Fee deregulation back to drawing board
The Turnbull Government has hinted that it may scrap the Abbott Government's plan to let universities set their own fees.
It was a plan that former education minister Christopher Pyne twice failed to get through the Senate, but his successor Simon Birmingham now says he is not wedded to the plan.
“We must make sure that we progress with reforms that are possible and so my approach will be to sit down, talk to the crossbenchers as well as the university sector, business and industry and see what they all accept as being priorities,” Senator Birmingham said in an interview with the ABC.
After the deregulation plans were announced in the 2014 budget, university students leapt into protests across the country.
Labor jumped on the debate too, arguing that students from poorer backgrounds would become reluctant to enrol in university courses if the fees went up.
Now, the LNP appears to be backing away from the controversial move.
“We have to deal with the political realities we face,” Senator Birmingham said.
Despite 40 out of 41 leading university vice chancellors getting on board for the reform that would bring significant new revenue, some have welcomed the move to look at the idea with fresh eyes.
“Australia has one of the best public higher education systems in the world, however we can only maintain this enviable position if government funding is adequate to the task and we have clear policy positions from the Government and the Opposition,” said Deakin University Vice-Chancellor Professor Jane den Hollander.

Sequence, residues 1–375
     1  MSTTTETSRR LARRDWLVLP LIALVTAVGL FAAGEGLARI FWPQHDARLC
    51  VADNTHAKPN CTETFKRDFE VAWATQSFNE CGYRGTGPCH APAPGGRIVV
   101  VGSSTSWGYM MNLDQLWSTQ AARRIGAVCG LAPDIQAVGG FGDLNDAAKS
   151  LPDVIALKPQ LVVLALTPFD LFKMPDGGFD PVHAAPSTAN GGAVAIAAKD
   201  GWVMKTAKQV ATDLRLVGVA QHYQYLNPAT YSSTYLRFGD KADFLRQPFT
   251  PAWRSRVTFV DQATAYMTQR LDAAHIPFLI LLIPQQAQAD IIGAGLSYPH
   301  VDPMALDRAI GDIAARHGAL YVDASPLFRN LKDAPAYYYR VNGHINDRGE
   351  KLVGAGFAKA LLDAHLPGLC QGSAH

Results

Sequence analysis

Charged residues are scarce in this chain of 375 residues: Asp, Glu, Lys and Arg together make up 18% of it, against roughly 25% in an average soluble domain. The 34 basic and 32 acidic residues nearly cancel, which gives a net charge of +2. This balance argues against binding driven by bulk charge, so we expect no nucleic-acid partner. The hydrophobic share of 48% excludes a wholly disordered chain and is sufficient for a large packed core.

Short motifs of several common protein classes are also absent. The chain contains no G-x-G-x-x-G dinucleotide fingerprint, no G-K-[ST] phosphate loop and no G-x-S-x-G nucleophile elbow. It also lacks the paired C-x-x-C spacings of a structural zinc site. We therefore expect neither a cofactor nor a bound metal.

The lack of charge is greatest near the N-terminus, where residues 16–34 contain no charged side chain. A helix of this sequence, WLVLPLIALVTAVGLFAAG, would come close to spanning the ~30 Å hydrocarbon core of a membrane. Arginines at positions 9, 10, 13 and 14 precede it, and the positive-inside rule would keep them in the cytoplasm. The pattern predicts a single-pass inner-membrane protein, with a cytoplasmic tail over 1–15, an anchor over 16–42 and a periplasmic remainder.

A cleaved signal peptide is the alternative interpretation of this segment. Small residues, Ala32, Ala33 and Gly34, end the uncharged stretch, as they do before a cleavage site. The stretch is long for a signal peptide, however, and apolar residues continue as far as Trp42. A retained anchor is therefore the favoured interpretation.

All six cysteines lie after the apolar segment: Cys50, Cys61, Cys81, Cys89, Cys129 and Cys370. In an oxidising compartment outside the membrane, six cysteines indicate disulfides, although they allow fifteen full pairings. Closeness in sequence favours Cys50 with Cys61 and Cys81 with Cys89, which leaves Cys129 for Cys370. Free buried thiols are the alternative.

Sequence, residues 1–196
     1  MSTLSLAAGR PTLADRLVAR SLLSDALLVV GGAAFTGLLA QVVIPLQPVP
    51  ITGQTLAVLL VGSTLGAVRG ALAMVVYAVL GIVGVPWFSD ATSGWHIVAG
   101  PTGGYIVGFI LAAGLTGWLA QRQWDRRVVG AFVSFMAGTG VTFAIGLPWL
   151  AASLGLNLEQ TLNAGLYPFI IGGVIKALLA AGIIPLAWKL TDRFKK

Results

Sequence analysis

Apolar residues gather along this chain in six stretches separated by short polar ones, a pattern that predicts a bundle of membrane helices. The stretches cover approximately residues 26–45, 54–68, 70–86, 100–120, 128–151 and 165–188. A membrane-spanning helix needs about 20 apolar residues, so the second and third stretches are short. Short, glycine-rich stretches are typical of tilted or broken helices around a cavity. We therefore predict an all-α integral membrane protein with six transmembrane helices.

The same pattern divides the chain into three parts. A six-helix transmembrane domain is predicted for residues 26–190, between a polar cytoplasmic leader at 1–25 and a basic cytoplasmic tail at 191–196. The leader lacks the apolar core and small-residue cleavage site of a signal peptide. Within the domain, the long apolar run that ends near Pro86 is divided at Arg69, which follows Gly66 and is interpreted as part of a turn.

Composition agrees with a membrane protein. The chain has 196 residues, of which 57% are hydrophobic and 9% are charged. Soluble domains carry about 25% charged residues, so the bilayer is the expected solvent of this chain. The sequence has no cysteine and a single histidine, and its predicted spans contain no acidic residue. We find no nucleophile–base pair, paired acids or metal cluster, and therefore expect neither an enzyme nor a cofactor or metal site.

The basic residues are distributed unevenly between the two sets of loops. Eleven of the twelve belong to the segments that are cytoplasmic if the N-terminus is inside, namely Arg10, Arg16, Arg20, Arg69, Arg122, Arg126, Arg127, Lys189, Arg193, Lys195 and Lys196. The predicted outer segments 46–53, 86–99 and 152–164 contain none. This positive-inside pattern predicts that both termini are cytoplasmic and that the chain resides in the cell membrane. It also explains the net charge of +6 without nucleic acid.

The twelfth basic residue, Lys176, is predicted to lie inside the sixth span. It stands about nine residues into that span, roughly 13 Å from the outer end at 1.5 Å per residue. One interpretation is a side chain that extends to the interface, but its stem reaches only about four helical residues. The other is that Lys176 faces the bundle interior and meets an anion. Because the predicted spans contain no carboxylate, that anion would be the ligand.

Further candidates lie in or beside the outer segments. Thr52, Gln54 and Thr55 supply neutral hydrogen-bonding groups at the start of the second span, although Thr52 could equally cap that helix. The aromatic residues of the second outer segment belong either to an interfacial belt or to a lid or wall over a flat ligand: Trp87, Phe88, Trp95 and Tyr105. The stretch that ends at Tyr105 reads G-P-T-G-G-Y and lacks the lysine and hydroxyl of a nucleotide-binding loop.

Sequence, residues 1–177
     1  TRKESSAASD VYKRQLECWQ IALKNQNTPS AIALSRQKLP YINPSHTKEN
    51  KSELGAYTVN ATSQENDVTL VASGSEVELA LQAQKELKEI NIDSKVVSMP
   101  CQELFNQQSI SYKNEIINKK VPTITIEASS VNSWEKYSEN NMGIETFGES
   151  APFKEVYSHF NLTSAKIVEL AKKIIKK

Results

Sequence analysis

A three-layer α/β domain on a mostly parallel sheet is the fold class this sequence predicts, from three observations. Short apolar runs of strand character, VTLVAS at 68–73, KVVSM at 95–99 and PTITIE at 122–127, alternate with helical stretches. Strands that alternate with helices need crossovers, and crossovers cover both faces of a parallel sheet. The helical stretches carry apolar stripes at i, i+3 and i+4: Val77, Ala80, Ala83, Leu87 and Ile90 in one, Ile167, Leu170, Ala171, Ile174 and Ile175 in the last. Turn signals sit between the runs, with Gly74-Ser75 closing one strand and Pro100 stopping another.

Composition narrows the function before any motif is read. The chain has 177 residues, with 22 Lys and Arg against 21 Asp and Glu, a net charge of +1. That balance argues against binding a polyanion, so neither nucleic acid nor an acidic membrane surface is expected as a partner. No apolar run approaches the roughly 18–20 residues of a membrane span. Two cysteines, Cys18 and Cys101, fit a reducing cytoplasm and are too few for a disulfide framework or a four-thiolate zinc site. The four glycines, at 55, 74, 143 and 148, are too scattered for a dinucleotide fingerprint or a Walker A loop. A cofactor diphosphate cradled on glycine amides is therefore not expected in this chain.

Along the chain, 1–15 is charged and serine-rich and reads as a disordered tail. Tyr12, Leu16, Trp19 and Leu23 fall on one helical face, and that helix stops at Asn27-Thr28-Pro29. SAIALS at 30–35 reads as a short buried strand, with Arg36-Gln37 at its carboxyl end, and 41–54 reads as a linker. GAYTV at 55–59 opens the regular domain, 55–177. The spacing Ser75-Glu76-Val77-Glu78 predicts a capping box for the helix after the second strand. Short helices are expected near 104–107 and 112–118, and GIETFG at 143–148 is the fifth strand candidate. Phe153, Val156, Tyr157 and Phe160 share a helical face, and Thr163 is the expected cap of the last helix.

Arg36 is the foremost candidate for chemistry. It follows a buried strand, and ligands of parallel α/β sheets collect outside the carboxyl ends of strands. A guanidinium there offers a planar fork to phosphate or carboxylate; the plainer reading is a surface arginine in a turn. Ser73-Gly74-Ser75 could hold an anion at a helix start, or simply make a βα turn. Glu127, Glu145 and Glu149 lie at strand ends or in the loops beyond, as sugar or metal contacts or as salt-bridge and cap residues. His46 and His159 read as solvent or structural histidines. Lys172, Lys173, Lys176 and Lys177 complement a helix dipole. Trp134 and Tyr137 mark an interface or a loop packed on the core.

“Up until now the debate around higher education has been protracted and emotional and has done nothing to promote public understanding of the federal strategy and ambition for higher education in Australia and the next generation of graduates who will create the wealth and jobs of our future.
“Today is an opportunity for the debate on our future as a smart, clever and globally competitive nation to begin. Deakin University looks forward to discussing the way forward with the new Minister for Education and Training, Senator Simon Birmingham, the Federal Opposition and with the sector at large.
“We welcome this new conversation and hope it provides a framework for us to deliver the relevant, contemporary learning experience that prepares our graduates for life and careers in this rapidly changing world,” she said.